Mums feel discriminated at work
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- Tandis que 25 % des femmes enceintes et jeunes mamans se sentent victimes de discrimination, trop peu osent porter plainte par peur du licenciement.
- Pourtant, ce comportement de la part des employeurs est illégal.
- Des mesures pour lutter contre cette discrimination sont prises au niveau gouvernemental.
- Cette manière de penser et d’agir laisse totalement de côté que les hommes sont tout autant concernés par l’éducation des enfants que les femmes !
- L'attitude des employeurs et des collègues
- Les différences encore existantes entre hommes et femmes au travail
According to a recent survey by the law firm Slater and Gordon, one in four mums in England feels discriminated at work while they are expecting a baby or when they are returning to work. Isn’t it amazing to hear that in the 21st century? How do people still support this? How come discrimination exists whereas it is illegal to penalize a pregnant employee?
What we are going to see next is reality and even though the situation for pregnant women is shocking, we will see that things may not change in a near future.
Because they fear their bosses’ reaction, two thirds of women say they would wait until the very last minute before telling them they are pregnant.
Though they are discriminated against while they are pregnant, 2,000 women refuse to complain. One of the reasons is that they are afraid of losing their job.
The survey says that one third have been treated badly by their boss and workmates while they were pregnant or on maternity leave:
- Half of them were refused a promotion;
- One fifth were demoted;
- More than a third had responsibility taken off them.
Some even say it is impossible to climb the career
ladder after being pregnant!
And remember that women already have to face other kinds of discrimination at work (glass ceiling, harassment, lower wages, etc.)! It must stop! Consequently, it is high time society considered them differently.
How can these women achieve their career aspirations if
they are blocked by such discriminatory working
Especially when bosses encourage younger colleagues without children and continue penalizing them after the baby is born. Indeed, they are put on a “mummy track” which facilitates motherhood, such as flexible hours, but at the same time usually provides fewer opportunities for career advancement.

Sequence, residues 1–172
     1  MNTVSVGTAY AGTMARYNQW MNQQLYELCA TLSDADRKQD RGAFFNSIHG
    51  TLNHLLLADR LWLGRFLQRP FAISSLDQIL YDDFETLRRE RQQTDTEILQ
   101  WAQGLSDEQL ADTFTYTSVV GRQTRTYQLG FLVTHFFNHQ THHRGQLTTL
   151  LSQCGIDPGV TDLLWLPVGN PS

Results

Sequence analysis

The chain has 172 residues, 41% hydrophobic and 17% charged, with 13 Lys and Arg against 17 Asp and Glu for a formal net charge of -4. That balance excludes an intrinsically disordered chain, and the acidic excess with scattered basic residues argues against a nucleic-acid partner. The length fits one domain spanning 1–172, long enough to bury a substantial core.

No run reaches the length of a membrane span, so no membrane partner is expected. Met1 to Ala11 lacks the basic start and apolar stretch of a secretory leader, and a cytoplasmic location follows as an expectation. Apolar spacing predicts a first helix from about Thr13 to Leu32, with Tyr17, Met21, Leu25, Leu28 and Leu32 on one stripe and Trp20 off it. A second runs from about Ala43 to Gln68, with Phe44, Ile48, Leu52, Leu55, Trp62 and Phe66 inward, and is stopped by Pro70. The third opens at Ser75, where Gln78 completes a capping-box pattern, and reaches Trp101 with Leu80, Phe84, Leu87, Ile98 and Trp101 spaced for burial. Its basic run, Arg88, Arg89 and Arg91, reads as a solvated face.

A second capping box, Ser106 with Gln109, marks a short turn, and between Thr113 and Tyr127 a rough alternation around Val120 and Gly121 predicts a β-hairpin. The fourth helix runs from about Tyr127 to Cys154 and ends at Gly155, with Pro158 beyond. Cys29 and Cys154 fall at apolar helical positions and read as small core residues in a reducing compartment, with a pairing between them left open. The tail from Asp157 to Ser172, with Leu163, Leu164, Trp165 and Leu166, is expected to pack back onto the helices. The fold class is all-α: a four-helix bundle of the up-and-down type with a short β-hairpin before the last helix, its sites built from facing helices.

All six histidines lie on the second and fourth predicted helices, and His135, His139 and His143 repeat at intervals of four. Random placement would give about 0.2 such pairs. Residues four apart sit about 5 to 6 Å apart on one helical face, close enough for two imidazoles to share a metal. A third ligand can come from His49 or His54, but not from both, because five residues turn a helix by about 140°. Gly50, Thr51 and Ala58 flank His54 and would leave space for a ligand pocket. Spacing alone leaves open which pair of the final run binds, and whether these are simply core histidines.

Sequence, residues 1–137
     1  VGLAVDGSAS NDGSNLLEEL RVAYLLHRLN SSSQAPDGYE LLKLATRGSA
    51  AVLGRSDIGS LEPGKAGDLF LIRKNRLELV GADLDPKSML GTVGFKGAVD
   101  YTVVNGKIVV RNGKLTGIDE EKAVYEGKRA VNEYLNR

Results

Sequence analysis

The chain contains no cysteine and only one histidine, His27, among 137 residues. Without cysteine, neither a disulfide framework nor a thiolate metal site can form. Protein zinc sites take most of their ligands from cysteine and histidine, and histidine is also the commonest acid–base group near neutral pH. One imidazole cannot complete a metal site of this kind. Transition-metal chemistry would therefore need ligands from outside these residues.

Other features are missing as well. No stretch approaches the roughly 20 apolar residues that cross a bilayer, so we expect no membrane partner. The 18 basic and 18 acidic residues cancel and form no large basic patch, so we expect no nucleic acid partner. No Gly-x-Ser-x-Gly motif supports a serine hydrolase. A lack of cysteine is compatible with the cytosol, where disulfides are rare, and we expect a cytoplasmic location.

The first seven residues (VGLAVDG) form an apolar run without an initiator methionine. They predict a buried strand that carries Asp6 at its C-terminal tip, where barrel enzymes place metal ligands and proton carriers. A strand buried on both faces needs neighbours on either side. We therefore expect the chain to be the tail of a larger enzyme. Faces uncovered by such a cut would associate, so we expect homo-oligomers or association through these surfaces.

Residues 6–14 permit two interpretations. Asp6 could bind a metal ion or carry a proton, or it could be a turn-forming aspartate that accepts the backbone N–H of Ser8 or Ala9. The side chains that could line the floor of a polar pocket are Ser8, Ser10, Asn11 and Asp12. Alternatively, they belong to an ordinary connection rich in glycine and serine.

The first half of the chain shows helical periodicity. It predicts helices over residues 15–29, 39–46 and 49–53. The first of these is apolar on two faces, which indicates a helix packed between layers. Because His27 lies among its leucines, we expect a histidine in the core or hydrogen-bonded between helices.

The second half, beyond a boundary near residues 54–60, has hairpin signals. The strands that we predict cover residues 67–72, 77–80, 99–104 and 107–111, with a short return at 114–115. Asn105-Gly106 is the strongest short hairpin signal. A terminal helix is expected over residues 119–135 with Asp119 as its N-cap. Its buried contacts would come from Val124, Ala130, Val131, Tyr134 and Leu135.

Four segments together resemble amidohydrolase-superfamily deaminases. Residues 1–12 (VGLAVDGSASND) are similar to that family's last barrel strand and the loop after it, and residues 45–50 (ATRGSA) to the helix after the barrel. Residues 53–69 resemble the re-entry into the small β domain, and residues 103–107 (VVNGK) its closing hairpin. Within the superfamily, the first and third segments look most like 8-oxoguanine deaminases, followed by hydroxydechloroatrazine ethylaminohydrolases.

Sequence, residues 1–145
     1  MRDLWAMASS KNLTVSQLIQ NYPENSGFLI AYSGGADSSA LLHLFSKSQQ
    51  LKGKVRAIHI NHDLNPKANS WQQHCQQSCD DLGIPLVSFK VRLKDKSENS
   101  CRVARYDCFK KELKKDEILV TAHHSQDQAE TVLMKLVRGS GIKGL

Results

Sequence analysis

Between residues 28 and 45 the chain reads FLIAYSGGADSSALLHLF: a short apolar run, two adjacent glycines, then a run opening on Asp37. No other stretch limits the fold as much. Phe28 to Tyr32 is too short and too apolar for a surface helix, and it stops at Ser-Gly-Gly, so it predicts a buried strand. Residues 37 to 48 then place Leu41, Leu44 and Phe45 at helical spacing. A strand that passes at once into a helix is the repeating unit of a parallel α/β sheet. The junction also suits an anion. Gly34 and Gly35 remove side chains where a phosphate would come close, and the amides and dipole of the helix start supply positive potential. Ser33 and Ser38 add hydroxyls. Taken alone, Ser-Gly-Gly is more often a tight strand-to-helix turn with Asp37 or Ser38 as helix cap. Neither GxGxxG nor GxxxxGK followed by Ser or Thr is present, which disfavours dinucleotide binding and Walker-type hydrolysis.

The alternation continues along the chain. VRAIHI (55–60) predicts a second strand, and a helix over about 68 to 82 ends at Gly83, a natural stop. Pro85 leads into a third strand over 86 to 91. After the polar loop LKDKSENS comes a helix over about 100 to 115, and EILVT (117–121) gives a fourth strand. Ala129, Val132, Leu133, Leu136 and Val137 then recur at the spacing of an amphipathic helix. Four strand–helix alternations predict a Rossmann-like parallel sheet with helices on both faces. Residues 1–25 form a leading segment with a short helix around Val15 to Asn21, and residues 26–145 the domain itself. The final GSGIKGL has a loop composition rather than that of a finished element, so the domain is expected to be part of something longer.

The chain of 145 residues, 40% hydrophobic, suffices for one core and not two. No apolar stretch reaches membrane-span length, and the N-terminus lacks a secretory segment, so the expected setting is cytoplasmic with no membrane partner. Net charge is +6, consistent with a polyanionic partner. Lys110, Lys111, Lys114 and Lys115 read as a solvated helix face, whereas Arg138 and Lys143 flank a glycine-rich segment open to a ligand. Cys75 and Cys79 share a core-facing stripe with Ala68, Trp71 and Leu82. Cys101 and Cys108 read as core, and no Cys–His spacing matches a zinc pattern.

Consequently, a fifth leave their job because they lack
Not easy to be a working mother, is it? Such statistics tend to show that some bosses would be ready to deny their female employees the right of being a mother. But what does the government do to stop these practices, clarify the situation and make it better for these women?
First of all, we must know that it is illegal to penalize a woman because she is expecting. So, why do some employers who seem to be still living in the dark ages blame them when they are pregnant? Why do they make things harder for their employees instead of helping them? It is difficult to answer these questions, but they probably feel that they are going to lose money or waste time looking for a substitute and train them.
To prevent such practices from happening, the British government decided in 2015 to “share parental leave and pay" which will allow couples to choose how they share care for their child in the first year after birth.
But they also introduced tribunal fees amounting to £1,200 to take an employer to court and this measure should of course prevent pregnant women from accusing their bosses of pregnancy discrimination. When will they be confident to complain about their working conditions and their bosses’ attitude towards them? Unfortunately, it could take years and in the meantime they will have to suffer in silence.
Moreover such a way of thinking is quite old-fashioned because it does not take into consideration the fact that male parents can look after their children, too. It is no longer a woman's part exclusively. Indeed, male workers also have the right to take childcare leave.
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